Operative Technique After sternotomy and before aortic a n d caval cannulation, the p e r i c a r d i u m was o p e n e d longitudinally. A strip of p e r i c a r d i u m (0.5 to 0.6 cm × 5 to 6 cm) was freed of adipose and extrapleural tissue, treated with a 10-minute i m m e r s i o n in 0.0625% g l u t a r a l d e h y d e solution, a n d r i n s e d in physiologic solution. In the first 20 patients, metal clips were attached to the midline of the external surface of the pericardial strip. The m a r k e d strip was 0003-4975/96/$15.00 SSDI 0003-4975(95)01139-0



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89 7~

80 75 7O ~5 90






6O 6







Fig 1. Five-year freedom from reoperation for patients who underwent mitral valvuloplasty.

rolled up in a tubular fashion with the serosal surface outside. Moderate systemic hypothermia (28°C) and cold cardioplegia were employed for myocardial protection. The mean aortic cross-clamp time was 71 -+ 18 minutes. Posterior leaflet prolapse was managed by a wide quadrangular resection (38 patients). Anterior or bilateral leaflet prolapse was treated by quadrangular resection of the posterior leaflet and transposition of the chordae to the anterior leaflet (75 patients). The annulus beneath the excised or transposed portion of the mural leaflet was plicated with interrupted stitches (2-0 polyester). The procedure was completed by closing the residual cleft of the mural leaflet with interrupted sutures. The pericardial graft was placed along the posterior annulus just beyond the anatomic commissures, fixed with mattress sutures (4-0 polyester), and spaced to restrict the posterior annulus. The optimal diameter of the annulus was determined, stitch by stitch, by digital control, so as to obtain an orifice measuring two fingerbreadths. Myocardial revascularization was performed in 12 patients (10.6%) and a De Vega annuloplasty for functional tricuspid regurgitation, in 11 patients (9.7%). All patients were placed on a regimen of anticoagulant therapy for 3 months postoperatively. Then they were switched to antiplatelet therapy.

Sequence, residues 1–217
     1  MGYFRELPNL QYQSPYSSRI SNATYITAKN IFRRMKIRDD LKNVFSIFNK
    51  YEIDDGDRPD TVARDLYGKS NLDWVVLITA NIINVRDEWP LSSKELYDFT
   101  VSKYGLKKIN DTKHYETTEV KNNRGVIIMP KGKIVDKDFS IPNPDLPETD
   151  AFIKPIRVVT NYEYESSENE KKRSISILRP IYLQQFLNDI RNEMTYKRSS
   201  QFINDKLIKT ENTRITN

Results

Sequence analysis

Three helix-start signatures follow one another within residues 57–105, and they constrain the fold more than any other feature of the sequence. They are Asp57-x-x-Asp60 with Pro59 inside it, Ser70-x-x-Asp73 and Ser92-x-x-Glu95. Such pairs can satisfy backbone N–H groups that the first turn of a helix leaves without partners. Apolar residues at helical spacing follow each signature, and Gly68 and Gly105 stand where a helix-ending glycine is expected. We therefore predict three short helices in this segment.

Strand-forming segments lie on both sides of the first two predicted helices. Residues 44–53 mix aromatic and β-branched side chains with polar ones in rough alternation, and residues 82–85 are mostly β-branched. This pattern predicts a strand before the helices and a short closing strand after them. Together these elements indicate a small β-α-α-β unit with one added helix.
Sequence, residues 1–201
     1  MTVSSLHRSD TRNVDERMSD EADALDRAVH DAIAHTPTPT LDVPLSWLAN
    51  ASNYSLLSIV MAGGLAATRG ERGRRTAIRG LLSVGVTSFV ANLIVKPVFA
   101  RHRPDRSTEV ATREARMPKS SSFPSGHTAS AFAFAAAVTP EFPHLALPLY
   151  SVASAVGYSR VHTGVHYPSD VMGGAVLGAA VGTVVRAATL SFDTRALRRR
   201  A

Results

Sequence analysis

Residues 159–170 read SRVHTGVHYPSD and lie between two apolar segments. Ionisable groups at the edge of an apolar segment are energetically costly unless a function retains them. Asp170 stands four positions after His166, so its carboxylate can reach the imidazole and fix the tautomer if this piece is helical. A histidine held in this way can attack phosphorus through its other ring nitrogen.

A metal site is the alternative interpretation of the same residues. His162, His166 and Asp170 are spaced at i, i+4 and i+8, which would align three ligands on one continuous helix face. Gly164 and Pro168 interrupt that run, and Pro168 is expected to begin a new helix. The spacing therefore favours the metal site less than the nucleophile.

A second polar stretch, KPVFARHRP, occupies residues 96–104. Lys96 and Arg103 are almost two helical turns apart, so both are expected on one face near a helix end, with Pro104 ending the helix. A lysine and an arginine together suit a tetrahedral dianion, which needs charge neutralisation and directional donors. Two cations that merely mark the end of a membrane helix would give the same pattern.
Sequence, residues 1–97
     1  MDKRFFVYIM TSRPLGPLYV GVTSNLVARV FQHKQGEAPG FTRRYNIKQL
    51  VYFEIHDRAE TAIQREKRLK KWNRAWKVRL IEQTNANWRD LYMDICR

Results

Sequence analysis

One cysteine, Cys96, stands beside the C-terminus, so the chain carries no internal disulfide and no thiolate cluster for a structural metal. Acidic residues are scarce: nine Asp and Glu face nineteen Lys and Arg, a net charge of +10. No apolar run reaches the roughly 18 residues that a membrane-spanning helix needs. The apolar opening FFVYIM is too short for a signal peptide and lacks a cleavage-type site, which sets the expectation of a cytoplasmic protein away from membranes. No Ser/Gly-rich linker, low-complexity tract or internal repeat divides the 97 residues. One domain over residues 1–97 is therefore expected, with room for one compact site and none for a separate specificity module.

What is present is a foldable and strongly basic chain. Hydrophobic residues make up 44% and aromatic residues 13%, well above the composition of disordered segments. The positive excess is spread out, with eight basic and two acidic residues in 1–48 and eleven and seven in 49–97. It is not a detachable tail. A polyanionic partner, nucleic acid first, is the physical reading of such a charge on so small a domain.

Clinical Results There were three hospital deaths (2.7%). One patient died suddenly 4 days after operation of posterior papillary muscle rupture caused by intraoperative myocardial infarction, and 2 patients died of low cardiac output syndrome. One patient required early reoperation for severe mitral regurgitation caused by dehiscence of the annular plication. Myocardial infarction occurred in 2 patients and gastric hemorrhage in 1 patient. No patient experienced thromboembolism or endocarditis during the postoperative course. At a mean postoperative interval of 32.41 -+ 20.09 months (range, 1 to 71 months), follow-up was 97% complete. Ninety-five patients (84.17%) were in New York Heart Association functional class ! or II. Three patients died during follow-up (1 of aortic dissection, 1 of renal failure, and 1 of gastric cancer). Three patients had reoperation within 3 years. The condition of 1 patient deteriorated slowly because of associated aortic regurgitation, and double-valve replacement was performed after 51 months. The other 2 patients underwent reoperation after 12 and 18 months because of unsatisfactory mitral repair. Freedom from reoperation at 1 year and 5 years was 97% and 89.7%, respectively (Fig 1). At reoperation, each pericardial prosthesis appeared completely endothelialized and was indistinguishable from the atrial endocardium. No evidence of calcification was observed. A sample of pericardium was taken from I patient for histologic study (Fig 2), which revealed only a mild inflammatory reaction. Event-free survival (freedom from death, thrornboembolism, reoperation, myocardial infarction, endocarditis, and anticoagulation-related hemorrhage) at 5 years was 91% (Fig 3). Thromboembolic complications occurred during follow-up in 2 patients; only 1, in whom a right carotid artery occlusion was found, sustained a major neurologic sequela. Both patients were in sinus rhythm


In the 20 patients whose pericardial strip had the metal clips, cinefluoroscopic recordings at 50 frames per second were obtained in the left anterior oblique projection 10 days after operation and then at 1 year and 5 years. Systolic and diastolic annulus contours, displayed by the metal clips, were entered into a computer, and the respective areas were calculated by means of suitable software. The distance between the posterior annulus and the midpoint of the line joining the two commissures was recorded and assumed to be the anteroposterior radius. Statistical Analysis All data are expressed as the mean +- the standard deviation. The paired t test was used to compare the results before and after operation. Fisher's exact test and the life-table method were used when appropriate.